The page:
of the criminal justice system, has been acknowledged with a grant of $100,000 from the Art for Justice Fund, a five-year initiative that aims to turn art into action, investing more than $100 million into strategic efforts to reform the criminal justice system.The funding has been awarded to Dr. Barbara Ann Teer’s National Black Theatre (NBT)to help underwrite the remount and national tour of the solo show about the mass incarceration crisis. Directed by Talvin Wilks and produced by NBT and Hi-ARTS.. The Peculiar Patriot will have previews at NBT in Harlem on July 11 and 12, open on July 13 and run through July 29. The multimedia production, which has just added three more shows to its New York City run, is headed back to the stage just as the prison-industrial complex has set its sights on Central and South American immigrants, erecting private, for-profit tent cities to warehouse desperate families looking for asylum, safety and a better life.
“It builds a strong case against the mass incarceration of African Americans and the effects of a racially skewed justice system … This is a comedy about a tragedy, and a patriotic call for reform,” said The New York Times’ Laura Collins-Hughes of the show, which had a sold-out world premiere in 2017.
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Peterson was invited to apply for the award after philanthropist Agnes Gund saw her perform a short excerpt of The Peculiar Patriot in February as part of an NBT presentation at the “Looking Back, Looking Forward: Culture in a Changing America” symposium at the Park Avenue Armory and linked Peterson with her Art for Justice Fund.
Administered by the Ford Foundation and Rockefeller Philanthropy Advisors (RPA), the Art for Justice Fund aims to change the dominant narratives that dehumanize people caught in the criminal justice system. An important component of the effort is support to artists and artist collaborations to develop, continue or complete work that elevates ideas and stories about the injustice and inequity engendered by mass incarceration.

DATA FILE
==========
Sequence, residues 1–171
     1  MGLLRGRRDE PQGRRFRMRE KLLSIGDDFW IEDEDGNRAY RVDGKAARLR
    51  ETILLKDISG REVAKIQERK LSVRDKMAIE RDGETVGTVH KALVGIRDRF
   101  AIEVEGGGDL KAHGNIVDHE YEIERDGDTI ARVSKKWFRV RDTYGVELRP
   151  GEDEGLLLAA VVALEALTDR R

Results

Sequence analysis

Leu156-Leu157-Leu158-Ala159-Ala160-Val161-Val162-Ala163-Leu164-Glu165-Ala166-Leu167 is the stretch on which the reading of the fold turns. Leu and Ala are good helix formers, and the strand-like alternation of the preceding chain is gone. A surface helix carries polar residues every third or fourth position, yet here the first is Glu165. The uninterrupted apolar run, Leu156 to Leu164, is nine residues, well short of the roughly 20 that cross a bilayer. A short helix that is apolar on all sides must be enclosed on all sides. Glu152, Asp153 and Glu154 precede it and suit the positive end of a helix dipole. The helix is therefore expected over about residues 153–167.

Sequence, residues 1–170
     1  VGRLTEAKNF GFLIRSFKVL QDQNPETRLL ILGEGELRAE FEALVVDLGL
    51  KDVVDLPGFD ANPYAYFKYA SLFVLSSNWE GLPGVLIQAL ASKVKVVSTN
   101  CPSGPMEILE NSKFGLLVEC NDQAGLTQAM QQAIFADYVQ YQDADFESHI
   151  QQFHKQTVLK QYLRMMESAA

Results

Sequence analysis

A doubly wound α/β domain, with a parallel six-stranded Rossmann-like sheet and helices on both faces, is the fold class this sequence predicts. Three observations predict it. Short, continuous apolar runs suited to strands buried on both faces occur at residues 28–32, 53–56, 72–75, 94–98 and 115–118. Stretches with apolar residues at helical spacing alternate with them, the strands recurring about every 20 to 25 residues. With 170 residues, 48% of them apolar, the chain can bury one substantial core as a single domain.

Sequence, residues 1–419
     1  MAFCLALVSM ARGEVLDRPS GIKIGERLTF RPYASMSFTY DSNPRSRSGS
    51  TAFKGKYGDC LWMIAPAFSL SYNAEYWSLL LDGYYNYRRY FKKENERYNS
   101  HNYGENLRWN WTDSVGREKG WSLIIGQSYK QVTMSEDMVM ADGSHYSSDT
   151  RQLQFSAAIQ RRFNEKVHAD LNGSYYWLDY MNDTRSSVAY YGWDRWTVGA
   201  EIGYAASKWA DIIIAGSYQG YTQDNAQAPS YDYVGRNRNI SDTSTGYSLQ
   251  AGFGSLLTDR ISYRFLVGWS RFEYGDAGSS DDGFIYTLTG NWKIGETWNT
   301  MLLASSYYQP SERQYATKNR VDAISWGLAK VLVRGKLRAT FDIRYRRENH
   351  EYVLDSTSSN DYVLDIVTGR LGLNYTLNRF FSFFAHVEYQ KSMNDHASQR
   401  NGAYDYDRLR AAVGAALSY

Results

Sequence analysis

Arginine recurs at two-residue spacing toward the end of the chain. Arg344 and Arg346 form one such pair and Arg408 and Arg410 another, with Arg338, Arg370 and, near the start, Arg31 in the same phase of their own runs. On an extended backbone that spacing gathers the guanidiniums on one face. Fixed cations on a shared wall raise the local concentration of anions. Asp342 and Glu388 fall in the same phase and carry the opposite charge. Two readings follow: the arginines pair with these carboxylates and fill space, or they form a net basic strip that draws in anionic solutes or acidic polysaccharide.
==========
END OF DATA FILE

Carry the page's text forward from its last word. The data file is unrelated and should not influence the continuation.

The Peculiar Patriot follows protagonist Betsy LaQuanda Ross, a self-proclaimed peculiar patriot, as she makes regular visits to penitentiaries to boost the morale of her incarcerated friends and family, and navigates love through barbed wire. As she shares neighborhood updates and gossip and reminisces about friends, Betsy delivers a scathing indictment of the mass incarceration crisis and its effects on the incarcerated, their family and friends and the community at large.
It’s important to humanize the numbers, to put a human face on the draconian statistic of 2.3 million citizens behind bars and the additional millions of family members and friends connected to the incarcerated individual…
“It’s important to humanize the numbers, to put a human face on the draconian statistic of 2.3 million citizens behind bars and the additional millions of family members and friends connected to the incarcerated individual,” said Peterson, who worked in various capacities at Rikers Island for nearly two decades and who was featured in Ava DuVernay’s Emmy award-winning documentary 13th.
In addition to the New York dates, Peterson will have stops this fall at ArtsEmerson in Boston (October 15-28), Karamu House in Cleveland (Oct 29-Nov 4), the Flynn Center for the Performing Arts in Burlington, Vermont (Nov 7-11), as well as Lincoln Center Theater educational program performances in New York (November 13- 16, and March 5- 8, 2019), and more.
Scenic and lighting design for The Peculiar Patriot is by Maruti Evans, who was recently nominated for a Drama Desk Award for Outstanding Set Design of a Play for NBT’s production of James Ijames’ Kill Move Paradise. Projection design is by Katherine Freer, sound design is by Luqman Brown, costume design is by LaToya Murray-Berry, prop design is by Belynda Hardin and stage management is by Mario Wolfe.
Previews will take place at 7:30 p.m. on Wednesday, July 11, and Thursday, July 12; preview tickets are $20. The production opens on Friday, July 13, at 7:30 p.m. with an Opening Night Gala immediately after the show. Subsequent performances will run Sundays at 4 p.m.; Mondays, Thursdays, Fridays and Saturdays at 7:30 p.m.; with a Saturday matinee at 2 p.m. Additional shows have been added on Tuesday, July 17, at 7:30 p.m., Tuesday, July 24, at 7:30 p.m. and Thursday, July 26, at 2 p.m. Tickets are $35 general admission with the following exceptions: The Opening Night Gala ticket is $50 and the final weekend performances are $40. A discounted ticket price of $25 is available for groups of 10 or more, senior citizens, students, active military members and veterans. Tickets can be purchased online at www.nationalblacktheatre.org, by calling NBT directly at (212) 722-3800 or at NBT’s box office, open 1-6 p.m., Tuesday through Sunday. National Black Theatre is located at 2031 Fifth Avenue between 125th and 126th streets in Harlem. (Take the 2, 3, 4, 5 or 6 subway to 125th Street.)
For more information, follow NBT on Facebook (@NationalBlackTheatre) and Twitter/Instagram (@NatBlackTheatre). Follow Hi-ARTS on Facebook, Instagram and Twitter (@hiartsnyc).